Digital Telangana beats Digital India; Yet he has a long way to go

Ismail Cheikh
Amir Ullah Khan

The Digital Empowerment Foundation and the Center for Development Policy and Practice hosted a conference in Hyderabad last week. The event, honored by Jayesh Ranjan, Principal Secretary, TI, Government of Telangana, celebrated 20 years of digital inclusion in which DEF succeeded in reaching 20 million people in 40,000 of the country’s most remote villages. Professor Syeda Sameen Fatima, former director of the College of Engineering, University of Osmania, gave the opening speech highlighting the impact of information technology on humanity.

It is common knowledge in the development sector that the lack of appropriate access to adequate technology is one of the main reasons for the stagnation of growth and the economic and social development of the regions. An example can help illustrate the point. India and China were both relatively poor and backward colonized countries, with relatively similar populations, in the 1950s but 70 years later, and China is the richest country in the world while the India still lags behind, being the 8th richest country in the world. So what made China grow so huge, leaving behind not only India, but much richer countries like the UK and Germany as well? While the exact causal relationship is much more complicated, with a variety of factors at play, a plausible answer is that China has focused on developing its infrastructure and technology with a tenacity almost unprecedented in history. .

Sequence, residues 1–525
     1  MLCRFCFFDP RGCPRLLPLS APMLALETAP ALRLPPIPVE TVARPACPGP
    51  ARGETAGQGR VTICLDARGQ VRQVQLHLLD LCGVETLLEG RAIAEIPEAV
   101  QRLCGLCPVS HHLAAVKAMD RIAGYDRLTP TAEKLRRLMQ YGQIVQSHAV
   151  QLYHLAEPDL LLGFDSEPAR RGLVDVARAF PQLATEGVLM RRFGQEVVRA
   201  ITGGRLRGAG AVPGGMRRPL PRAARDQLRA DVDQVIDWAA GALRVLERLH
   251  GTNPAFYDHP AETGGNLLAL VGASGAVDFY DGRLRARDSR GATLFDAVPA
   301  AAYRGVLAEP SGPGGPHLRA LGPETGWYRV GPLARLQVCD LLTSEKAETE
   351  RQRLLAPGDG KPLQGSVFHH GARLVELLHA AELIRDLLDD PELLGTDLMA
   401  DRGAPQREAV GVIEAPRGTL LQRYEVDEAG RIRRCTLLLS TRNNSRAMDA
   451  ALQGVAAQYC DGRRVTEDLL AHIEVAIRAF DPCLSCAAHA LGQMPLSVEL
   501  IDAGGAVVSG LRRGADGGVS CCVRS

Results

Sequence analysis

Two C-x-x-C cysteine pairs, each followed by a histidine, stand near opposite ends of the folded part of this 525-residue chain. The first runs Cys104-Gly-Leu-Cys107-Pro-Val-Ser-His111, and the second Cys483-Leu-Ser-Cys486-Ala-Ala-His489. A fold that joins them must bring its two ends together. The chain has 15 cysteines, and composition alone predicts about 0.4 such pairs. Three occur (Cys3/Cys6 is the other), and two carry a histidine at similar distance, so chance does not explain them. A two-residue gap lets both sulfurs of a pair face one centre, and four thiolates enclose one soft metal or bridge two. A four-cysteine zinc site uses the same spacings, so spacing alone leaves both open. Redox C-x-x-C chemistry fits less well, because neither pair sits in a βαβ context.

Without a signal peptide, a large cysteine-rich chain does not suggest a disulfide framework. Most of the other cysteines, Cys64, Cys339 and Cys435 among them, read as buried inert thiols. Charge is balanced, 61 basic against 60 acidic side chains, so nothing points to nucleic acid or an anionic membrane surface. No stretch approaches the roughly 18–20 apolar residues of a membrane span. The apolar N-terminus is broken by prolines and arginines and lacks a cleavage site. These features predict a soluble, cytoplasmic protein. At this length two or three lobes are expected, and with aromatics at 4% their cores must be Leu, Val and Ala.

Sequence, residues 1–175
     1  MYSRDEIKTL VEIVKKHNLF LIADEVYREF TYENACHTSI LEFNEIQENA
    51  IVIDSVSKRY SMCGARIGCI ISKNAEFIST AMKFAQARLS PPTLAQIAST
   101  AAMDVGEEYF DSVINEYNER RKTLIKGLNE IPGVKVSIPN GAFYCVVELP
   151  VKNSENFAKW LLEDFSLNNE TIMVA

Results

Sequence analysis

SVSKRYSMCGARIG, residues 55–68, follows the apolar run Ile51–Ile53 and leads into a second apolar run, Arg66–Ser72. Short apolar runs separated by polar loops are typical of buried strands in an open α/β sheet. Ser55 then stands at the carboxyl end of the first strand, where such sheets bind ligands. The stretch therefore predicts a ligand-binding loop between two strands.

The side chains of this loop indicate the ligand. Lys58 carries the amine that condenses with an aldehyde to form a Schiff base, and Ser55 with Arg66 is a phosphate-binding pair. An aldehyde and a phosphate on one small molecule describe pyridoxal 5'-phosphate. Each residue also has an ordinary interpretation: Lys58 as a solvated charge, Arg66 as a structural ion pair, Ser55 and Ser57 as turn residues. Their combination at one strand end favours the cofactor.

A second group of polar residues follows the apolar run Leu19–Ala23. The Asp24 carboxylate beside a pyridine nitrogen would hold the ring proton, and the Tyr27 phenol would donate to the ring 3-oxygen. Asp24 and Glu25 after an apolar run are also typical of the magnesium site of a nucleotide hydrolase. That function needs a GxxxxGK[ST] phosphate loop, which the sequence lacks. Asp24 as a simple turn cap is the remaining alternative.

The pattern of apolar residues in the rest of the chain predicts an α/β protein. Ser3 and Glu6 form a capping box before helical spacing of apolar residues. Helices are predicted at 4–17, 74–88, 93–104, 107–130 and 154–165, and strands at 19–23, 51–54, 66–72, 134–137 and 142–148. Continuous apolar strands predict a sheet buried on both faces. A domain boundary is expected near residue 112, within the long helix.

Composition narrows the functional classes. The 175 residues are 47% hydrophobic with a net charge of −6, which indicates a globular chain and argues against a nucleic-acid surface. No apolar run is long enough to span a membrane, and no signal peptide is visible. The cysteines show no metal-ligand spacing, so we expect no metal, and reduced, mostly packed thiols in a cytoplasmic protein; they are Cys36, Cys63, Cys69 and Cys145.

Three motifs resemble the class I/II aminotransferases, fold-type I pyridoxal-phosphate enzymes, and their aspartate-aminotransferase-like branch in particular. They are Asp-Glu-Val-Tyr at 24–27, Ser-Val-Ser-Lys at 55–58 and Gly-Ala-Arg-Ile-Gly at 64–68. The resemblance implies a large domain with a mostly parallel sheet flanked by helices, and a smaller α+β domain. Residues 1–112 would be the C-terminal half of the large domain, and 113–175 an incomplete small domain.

The scope of the above analysis is not limited to transnational reviews and can easily be extended to review developments in smaller regions. Take the example of India itself. We can see that some states have grown much faster and more vigorously than others, although they have started on the same footing, or in many cases, on a much more backward foot than their less successful counterparts. Take, for example, the city of Hyderabad. The sleepy city where almost nothing happened 50 years ago is one of the most technologically sophisticated cities in the country. Not only that, but it is also the city that attracts the largest share of foreign direct investment (FDI) to India, was one of the first and only cities in which Microsoft established an overseas office and has been consistently ranked as the ‘Best city to live in India. Why has it gone from a relatively sleepy city to one of the country’s most dynamic tech capitals? Again, the response is similar to that of China, leading development forces towards improving technology and infrastructure. The story of how Microsoft set up its center in Hyderabad is an excellent illustrative point.

MS Education Academy